The following case illustrates the issue nicely. Early on the morning of  27 January 1957, ‘Martha Johnson’ (a pseudonym) from Plains, Illinois, had a dream in which she traveled to her mother’s home, 926 miles away in northern Minnesota. In a statement sent to the American Society for Psychical Research the following May, she wrote,

After a little while I seemed to be alone going through a great blackness. Then all at once way down below me, as though I were at a great height, I could see a small bright oasis of light in the vast sea of darkness. I started on an incline towards it as I knew it was the teacherage (a small house by the school) where my mother lives ... After I entered, I leaned up against the dish cupboard with folded arms, a pose I often assume. I looked at Mother who was bending over something white and doing something with her hands. She did not appear to see me at first, but she finally looked up. I had a sort of pleased feeling and then after standing a second more, I turned and walked about four steps.4

Martha woke from her dream at 2.10 am (1.10 am in Minnesota). The dream ‘nagged’ her mind for several days, at which point she received a letter from her mother, who wrote that she had seen Martha. Martha then replied, describing her experience and asking her mother to identify what she had been wearing. A second letter from Mrs Johnson answered that question and provided further details about her experience.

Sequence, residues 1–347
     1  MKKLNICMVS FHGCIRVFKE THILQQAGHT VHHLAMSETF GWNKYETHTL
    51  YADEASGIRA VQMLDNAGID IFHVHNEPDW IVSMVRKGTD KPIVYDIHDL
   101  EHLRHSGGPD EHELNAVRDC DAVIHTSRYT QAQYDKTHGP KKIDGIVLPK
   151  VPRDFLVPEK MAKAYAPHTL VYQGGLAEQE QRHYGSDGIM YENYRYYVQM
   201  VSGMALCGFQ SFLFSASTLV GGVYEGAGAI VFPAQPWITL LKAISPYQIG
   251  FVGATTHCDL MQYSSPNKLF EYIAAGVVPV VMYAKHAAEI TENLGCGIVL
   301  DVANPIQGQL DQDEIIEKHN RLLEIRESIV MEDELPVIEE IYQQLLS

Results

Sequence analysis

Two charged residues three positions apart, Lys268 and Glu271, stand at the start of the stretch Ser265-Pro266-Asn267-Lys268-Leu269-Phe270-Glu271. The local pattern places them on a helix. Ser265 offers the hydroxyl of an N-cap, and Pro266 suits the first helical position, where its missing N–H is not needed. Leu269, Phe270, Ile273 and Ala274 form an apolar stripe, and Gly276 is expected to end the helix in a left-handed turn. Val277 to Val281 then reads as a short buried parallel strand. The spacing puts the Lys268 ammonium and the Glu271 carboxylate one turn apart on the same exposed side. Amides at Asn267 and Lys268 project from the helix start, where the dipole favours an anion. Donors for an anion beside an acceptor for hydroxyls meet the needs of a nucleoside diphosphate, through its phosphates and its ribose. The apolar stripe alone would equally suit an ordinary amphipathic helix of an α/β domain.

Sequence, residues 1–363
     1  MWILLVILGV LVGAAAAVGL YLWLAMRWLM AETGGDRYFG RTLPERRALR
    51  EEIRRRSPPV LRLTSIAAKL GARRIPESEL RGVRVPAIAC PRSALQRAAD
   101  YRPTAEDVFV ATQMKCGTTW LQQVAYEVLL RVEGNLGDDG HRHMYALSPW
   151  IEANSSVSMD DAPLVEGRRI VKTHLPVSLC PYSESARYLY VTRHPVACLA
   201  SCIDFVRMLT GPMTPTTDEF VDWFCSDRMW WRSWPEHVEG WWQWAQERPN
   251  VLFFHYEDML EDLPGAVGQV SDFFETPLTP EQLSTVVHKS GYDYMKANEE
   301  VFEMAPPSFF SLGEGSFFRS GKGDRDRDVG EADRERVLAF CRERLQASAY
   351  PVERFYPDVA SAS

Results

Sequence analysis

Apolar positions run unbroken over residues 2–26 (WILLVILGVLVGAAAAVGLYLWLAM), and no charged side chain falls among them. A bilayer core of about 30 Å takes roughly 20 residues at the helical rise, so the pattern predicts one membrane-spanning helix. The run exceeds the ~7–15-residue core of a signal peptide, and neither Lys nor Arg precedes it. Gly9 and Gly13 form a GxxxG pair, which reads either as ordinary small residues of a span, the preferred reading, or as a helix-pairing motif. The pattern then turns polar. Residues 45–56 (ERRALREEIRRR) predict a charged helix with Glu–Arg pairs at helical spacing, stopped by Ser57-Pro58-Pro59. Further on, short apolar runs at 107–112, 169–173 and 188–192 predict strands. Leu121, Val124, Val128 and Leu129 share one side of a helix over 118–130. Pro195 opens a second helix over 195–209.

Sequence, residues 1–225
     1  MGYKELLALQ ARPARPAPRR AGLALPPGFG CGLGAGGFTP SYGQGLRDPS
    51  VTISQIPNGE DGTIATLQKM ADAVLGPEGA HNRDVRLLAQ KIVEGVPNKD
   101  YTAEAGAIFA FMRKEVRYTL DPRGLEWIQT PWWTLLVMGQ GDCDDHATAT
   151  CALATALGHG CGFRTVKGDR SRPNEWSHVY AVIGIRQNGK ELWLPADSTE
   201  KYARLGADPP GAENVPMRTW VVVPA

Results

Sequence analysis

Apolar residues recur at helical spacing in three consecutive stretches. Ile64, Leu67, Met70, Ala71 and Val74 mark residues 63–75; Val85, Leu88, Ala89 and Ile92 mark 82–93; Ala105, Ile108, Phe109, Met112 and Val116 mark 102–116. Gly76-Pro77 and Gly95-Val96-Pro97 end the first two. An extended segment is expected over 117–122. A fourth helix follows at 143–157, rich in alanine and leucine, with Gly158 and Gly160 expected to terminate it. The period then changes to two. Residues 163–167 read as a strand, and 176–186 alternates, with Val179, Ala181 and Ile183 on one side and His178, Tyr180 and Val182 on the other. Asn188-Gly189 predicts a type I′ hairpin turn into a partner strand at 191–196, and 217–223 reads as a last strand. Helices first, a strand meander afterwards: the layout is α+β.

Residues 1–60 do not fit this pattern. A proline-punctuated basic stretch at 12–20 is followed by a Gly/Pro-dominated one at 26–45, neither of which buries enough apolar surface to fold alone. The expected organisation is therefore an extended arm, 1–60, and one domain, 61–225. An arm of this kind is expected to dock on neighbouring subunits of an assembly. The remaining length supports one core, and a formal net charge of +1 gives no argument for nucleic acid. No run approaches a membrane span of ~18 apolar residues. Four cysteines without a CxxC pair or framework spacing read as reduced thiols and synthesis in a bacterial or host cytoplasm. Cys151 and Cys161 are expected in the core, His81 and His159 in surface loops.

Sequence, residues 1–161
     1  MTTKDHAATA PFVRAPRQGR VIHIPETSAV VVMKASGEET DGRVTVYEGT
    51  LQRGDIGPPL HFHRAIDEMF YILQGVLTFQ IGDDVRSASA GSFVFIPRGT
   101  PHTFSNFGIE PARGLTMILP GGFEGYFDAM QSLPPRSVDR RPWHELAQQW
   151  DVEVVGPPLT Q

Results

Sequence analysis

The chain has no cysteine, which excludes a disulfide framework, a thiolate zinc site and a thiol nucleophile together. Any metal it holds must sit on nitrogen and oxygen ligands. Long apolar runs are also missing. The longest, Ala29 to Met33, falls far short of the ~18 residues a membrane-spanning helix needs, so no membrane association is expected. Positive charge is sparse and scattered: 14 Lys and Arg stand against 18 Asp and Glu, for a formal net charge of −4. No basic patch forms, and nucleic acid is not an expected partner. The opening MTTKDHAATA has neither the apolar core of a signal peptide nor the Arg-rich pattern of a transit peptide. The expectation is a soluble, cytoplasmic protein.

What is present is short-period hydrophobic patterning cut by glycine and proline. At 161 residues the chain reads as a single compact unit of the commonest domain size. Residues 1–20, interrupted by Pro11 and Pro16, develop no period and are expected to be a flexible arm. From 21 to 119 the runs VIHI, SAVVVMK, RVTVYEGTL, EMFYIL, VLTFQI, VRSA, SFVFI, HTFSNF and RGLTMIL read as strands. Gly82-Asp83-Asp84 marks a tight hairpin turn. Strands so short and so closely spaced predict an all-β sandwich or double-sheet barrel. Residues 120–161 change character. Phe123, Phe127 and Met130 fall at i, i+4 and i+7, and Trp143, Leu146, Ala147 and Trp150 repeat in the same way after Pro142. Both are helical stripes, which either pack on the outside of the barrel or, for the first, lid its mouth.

In the first of her two letters, dated 29 January, Martha’s mother wrote,

Did you know you were here for a few seconds? I believe it was Saturday night, 1:10, January 26th, or maybe the 27th. It would have been 10 after two your time ... I looked up and there you were by the cupboard just standing smiling at me. I started to speak and you were gone. I forgot for a minute where I was. I think the dogs saw you too. They got so excited and wanted out—just like they thought you were by the door—sniffed and were so tickled.5

Mrs Johnson’s second letter was written on 7 February 1957. She wrote,

I was bending over the ironing board trying to press out a seam... You were standing with your back to the cupboard (the front of it) between the table and the shelf, you know, just sort of sitting on the edge of the lower part of the cupboard... I looked at the dogs and they were just looking at you. I’m sure they saw you longer than I did ... I turned to go in the bedroom and you must have started to go out the door then. That’s when the dogs went wild.

Your hair was combed nice—just back in a pony tail with the pretty roll in front. Your blouse was neat and light—seemed almost white.... You were very solid—JUST like in life. Didn’t see you from the lower bust down—that I can remember, anyway.6

Martha confirmed in correspondence that during her ‘visit’ she had indeed experienced her hairstyle and clothing as her mother described.

It should be clear why this case poses a problem for both an externalist account of OBEs and an objectivist explanation of the reciprocal apparition. The clothing and hairstyle of the apparitional figure were not those of the sleeping Martha. They corresponded, instead, to the way Martha experienced herself during her OBE. Assuming that telepathic explanations are at least sometimes appropriate, one such explanation comes immediately to mind. Presumably, Martha’s hairstyle and clothing during her OBE are mental constructs, just as they would be if her experience were merely a dream. But then it certainly looks as if Martha telepathically communicated those features of the OBE to her mother, as well as influencing Mrs Johnson to experience her with arms folded, near the cupboard, and so on.